The genetics of wild poppies are so finely adapted to location that subtle regional variations explain what are thought to be from eight to 12 other Eschscholzia species, depending on which taxonomist is doing the counting. These include poppies specific to the Sacramento Valley poppy, the Mojave Desert natives, the coast, the peninsular ranges and a stunning, deep orange Tehachapi poppy E. lemmonii.

Respecting these differences means that even Caltrans stops spreading its standard wildflower seed mix for roadside erosion control and instead painstakingly handpicks native seeds near wild stands of our state flowers, says one of the agency’s landscape architects, Haiching Pan.

However, most of the poppy seeds sold and sown in California are anything but locally produced. Outsourcing was the standard in the flower seed business before most of America knew the word. Wild seed originally collected here hasn’t been home in decades. Once Holland was a key supplier of poppy seeds. However, the Netherlands is becoming too expensive, says Caltrans supplier Jody Miller, manager of S&S; Seeds in Carpinteria. Her company’s suppliers now propagate the seeds wherever it’s cheapest: “California, Europe, India.”

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Even if you are shopping at the echtest of the echt native nurseries around Los Angeles, such as the Theodore Payne Foundation in Sun Valley, the California poppy seeds you purchase will probably not come from California. Payne gets its poppy seeds from Stover, whose seeds are propagated in Oregon. The reason for flower gardeners to make a trip out there isn’t for seeds suitable for wilderness restoration, but the chance to root around Payne’s seed drawers to create their own wildflower mix. Go on a weekday for best access to the drawers. Peigi Duvall, director of the horticulture program for the California Native Plant Society, suggests tossing in some Clarkia, Gilia and lupines.

To its credit, Stover does good native wildflower mixes sold in 12-ounce packets at Armstrong Garden Centers and Home Depot, including ones that take shade.

Whether the cultivated poppy seeds sold even in the best garden centers will in fact naturalize once planted in the garden depends on when and where you plant them. Autumn-sown poppies have a strong spring bloom and the best chance of setting seed. Poppies sown in the spring have the worst. They may flower once before heat and drying soil beats them back into the earth.

When it comes to pollination duties, European honeybees have taken up much of the work originally done by native insects, primarily bumblebees and beetles. But their small size makes them inefficient. They can carry off the nectar without picking up pollen. Because of the open, make that frankly casual, structure of the flower, the bigger the bug, the better the pollen transfer and fertilization, says James N. Hogue, coauthor of “Introduction to California Beetles.” (Read Hogue’s book, and one realizes that it is probably not a coincidence that Eschscholtz’s traveling companion of 1816 discovered the poppy: Eschscholtz was a tenacious beetle collector.)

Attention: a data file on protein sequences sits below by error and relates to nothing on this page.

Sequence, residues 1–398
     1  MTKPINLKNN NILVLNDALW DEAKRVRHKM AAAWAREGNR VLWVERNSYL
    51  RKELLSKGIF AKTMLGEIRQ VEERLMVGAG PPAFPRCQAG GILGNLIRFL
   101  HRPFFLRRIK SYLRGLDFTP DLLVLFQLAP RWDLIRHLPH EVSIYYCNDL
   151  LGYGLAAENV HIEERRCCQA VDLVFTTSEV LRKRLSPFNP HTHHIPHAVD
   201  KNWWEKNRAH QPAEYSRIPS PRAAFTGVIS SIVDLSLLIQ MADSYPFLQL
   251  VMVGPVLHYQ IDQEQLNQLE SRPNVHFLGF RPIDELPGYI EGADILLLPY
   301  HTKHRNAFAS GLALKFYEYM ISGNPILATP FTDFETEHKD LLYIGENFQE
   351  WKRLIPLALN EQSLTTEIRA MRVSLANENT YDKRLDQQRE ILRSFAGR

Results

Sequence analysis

CLARK has noted that because poppies have a light-driven habit of opening their petals early in the morning and closing up as soon as the sun begins to lower, beetles often become trapped in the closed flower overnight. They don’t seem to mind. Poppies may even be an important beetle shelter.

Clark frequently is asked how many seeds a single poppy flower produces. California’s presiding authority has never counted, he says. “I would crudely estimate between 30 and 200.” To collect them, watch for the ripening pod. Petals fall from poppies shortly after pollination. “Unripe pods are green and glossy,” he says. “As they mature, they turn to a duller green and sink in between the ridges.”

One way to test is to pull a pod off. “If the seeds are black, they’re mature,” he says. “Pull the seed pods off, put them in a paper bag, allow them to continue to dry and they pop open on their own.”

Or you could do as Stover growers do, and line the earth around the flowers with a tarp, then thresh and sort the whole garden.

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Whether a poppy lasts more than one season or dies back after setting seed depends on the soil, situation, timing and subtle variations in the genetics. Clark has studied wild populations of poppies in the Antelope Valley growing side by side in which one is perennial, the other annual. For the garden, perennials save replanting every year, but the older plants can get a bit leggy.

A specialized concern among poppy fans is: Which species of poppies transplant most equably? Caught young, most poppies endure transplanting, though they sulk briefly. It’s fine for filling a window box, but planting a bed that way can feel a bit involved, like a Bosley hair transplant. A way around it is to simply sow lavishly, as if you were out to show the inhabitants of Oz how it’s done, then thin the seedlings, trying not to be too weepy about it.

There are those who mix the seeds with sand to get better distribution, and save on thinning. If you have the sand, fine. If not, get a-sowing anyway. A scatter and light sprinkle will help sink the seed just enough to take. Then poppy seeds are best ignored. Retreat inside for the winter. Even allowing a portion of the seeds for a passing mouse, California gold will await you next spring.

Emily Green can be reached at emily.green@latimes.com.